Gallagher ban after positive cocaine test

The troubled career of Dean Gallagher will again hit a low point this morning when the Jockey Club is expected to receive confirmation from their French counterparts that the jumps jockey has tested positive for cocaine.

The troubled career of Dean Gallagher will again hit a low point this morning when the Jockey Club is expected to receive confirmation from their French counterparts that the jumps jockey has tested positive for cocaine.

Gallagher, 31, has received a six-months riding ban from France Galop following a random drugs test this spring and the suspension will be recognised worldwide.

The ban will derail a career which was implicated in the long-running doping and race-fixing allegations which have plagued the sport in recent years. Gallagher was one of four people arrested in January of 1998, in the aftermath of which he had his riding licence suspended by the Jockey Club. His professional life was virtually in limbo for the next 14 months until he was cleared of any wrongdoing in March of last year.

Gallagher's private life became the focus five months later when he married, and the tribulations of his workplace became ever distant when he then made his best ever start to a National Hunt season. Among those who noticed was Paul Green, the high-profile owner best known for his association with the enigmatic chaser Carvill's Hill.

Green appointed Gallagher as contract jockey to his 15-strong string, which included the Champion Hurdle aspirant, Hors La Loi III, on whom he soon won the Kingwell Hurdle at Wincanton.

Another success with Teaatral in the Rendlesham Hurdle at Kempton added further lustre to Gallagher's star, and via Green's connections in France the jockey soon also found himself in demand on the Continent.

In March he signed a six-month contract to ride in France for the leading owners Ecurie Zingaro and champion jumps trainer Jean-Paul Gallorini. Hors La Loi III was runner-up in the Champion Hurdle and Gallagher ended the season with a personal best of 51 winners and a growing string of admirers abroad which included Daniel Wildenstein. But, all the time, a timebomb was ticking away.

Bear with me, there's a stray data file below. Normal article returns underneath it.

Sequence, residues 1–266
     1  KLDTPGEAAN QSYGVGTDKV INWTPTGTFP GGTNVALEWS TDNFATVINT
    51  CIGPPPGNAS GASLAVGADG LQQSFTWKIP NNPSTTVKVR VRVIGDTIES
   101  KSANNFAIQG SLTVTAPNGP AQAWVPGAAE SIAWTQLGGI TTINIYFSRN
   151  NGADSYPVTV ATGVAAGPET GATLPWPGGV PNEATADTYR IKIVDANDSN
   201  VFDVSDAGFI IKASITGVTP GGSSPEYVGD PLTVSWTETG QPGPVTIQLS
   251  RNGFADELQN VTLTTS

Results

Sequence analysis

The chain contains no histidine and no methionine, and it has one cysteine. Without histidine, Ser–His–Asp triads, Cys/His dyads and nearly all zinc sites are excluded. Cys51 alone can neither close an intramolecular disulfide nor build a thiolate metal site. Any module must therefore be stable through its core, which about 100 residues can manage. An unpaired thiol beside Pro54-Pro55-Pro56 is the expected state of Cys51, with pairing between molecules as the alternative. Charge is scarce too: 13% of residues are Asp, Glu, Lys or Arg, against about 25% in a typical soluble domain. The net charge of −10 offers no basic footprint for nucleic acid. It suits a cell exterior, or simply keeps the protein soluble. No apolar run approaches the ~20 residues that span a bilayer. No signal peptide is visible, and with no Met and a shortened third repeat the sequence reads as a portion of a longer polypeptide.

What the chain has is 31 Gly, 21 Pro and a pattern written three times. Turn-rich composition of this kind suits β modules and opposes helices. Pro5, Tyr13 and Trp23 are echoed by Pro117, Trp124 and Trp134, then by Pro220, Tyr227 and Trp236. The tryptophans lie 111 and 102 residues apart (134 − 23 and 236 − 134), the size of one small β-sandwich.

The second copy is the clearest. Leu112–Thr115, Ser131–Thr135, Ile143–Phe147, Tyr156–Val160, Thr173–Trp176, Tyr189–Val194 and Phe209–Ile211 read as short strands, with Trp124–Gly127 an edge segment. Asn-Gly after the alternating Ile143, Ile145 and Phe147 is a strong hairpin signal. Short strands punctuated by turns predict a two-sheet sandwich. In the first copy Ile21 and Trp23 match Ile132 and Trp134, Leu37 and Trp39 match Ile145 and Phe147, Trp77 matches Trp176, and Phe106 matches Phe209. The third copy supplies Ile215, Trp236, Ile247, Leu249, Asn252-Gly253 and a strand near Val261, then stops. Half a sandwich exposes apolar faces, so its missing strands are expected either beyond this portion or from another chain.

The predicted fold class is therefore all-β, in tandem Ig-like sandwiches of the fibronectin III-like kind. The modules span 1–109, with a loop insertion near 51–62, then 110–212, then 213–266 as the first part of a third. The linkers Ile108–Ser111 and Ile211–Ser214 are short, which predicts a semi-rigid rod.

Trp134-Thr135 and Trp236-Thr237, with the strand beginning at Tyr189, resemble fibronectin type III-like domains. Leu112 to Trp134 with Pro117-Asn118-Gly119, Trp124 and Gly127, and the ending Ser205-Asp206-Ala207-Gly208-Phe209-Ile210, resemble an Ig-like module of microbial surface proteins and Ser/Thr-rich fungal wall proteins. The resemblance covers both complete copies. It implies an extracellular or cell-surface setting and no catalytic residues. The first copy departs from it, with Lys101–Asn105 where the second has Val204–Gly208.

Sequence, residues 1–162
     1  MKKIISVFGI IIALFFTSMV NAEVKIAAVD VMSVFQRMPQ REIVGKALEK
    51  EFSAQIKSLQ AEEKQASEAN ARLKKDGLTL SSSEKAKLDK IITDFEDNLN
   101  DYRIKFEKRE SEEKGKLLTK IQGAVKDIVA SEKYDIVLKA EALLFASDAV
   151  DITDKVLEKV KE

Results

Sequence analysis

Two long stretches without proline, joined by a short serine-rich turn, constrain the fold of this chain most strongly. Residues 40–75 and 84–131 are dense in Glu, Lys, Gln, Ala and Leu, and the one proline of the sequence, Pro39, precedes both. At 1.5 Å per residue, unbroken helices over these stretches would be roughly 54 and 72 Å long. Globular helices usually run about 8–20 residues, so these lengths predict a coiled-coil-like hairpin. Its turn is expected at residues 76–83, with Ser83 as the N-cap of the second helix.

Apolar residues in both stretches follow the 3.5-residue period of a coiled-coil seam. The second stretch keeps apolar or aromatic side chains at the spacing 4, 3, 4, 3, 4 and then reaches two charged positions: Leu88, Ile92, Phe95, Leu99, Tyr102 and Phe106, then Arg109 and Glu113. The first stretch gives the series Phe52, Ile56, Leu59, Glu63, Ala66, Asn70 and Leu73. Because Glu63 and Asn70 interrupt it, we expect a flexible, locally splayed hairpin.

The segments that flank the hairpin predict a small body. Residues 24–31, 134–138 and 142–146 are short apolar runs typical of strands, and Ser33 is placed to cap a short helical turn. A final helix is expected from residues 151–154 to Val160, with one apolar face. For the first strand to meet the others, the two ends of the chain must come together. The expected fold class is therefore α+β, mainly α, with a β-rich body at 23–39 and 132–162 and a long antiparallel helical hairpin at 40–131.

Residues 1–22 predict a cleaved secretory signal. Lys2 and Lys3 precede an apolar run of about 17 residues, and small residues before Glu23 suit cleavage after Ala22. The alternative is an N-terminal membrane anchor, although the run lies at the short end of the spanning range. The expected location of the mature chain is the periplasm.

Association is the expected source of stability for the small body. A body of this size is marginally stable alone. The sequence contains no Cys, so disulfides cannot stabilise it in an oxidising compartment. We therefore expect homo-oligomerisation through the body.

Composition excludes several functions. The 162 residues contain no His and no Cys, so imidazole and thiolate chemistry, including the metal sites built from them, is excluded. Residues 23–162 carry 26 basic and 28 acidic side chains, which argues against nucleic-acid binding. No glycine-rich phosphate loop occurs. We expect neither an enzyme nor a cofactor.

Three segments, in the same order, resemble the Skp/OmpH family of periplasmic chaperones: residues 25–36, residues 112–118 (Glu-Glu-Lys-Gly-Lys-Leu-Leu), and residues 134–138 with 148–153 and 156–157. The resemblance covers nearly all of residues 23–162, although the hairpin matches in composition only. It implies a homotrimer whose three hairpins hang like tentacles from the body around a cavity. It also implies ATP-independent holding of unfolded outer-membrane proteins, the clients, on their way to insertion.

The jockey has been aware for some time that he had failed a test submitted on a trip to Paris, but had to wait for the legal processes to run and deliver his punishment. Gallagher will not now be able to ride again until the New Year.

It was not a good weekend either for two other members of the jumps jockeys' weighing room. Tony McCoy, who has already compiled 38 victories this summer, will not be riding any more winners for three weeks at least following an accident at Southwell yesterday.

The champion jockey was competing in division two of the Phoenix Roofing And Flooring Contractors Maiden Chase on Baron Allfours when he fell but did not rise.

"He was concussed so they have taken him to the Queens Medical Centre at Nottingham as a precautionary measure," a spokeswoman for Southwell said. "He will be stood down for 21 days.''

Tony Dobbin, the Grand National-winning jockey, will be off for even longer following a further dislocation to his left shoulder at Market Rasen on Saturday, an injury he sustained while riding Adamatic in the Tote Summer Special Chase.

"I was coming past the stands and just beginning to tail off so I picked up the stick to give him one and the shoulder popped out," Dobbin said. "I was in a lot of pain and pulled up the horse straight away. Peter Niven had to help me off after the race.

"That's the third time it has happened but the first time without a fall, so it's essential I have the operation now to stop it happening again. There is never a good time to be out but it is quite quiet at the moment.

"I'm automatically off for a month with a dislocated shoulder, but it will be longer because of having the operation. I'll know more after I've spoken to Dr [Michael] Turner [the Jockey Club's chief medical officer].''

We should know more today about the composition for Saturday's King George VI & Queen Elizabeth Stakes field at Ascot following the five-day declaration stage. Rumours are beginning to flourish that Montjeu, the Prix de l'Arc de Triomphe winner, will not now be travelling over for the race.

Coral have withdrawn the odds-on favourite from their ante-post market and now make Daliapour their 7-2 favourite for the race, with Fruits Of Love on 4-1. Both horses have been supported by clever money. Nevertheless, John Hammond, Montjeu's trainer, says he is not put off by the thought of good to firm ground at Ascot and his four-year-old remains an intended runner.

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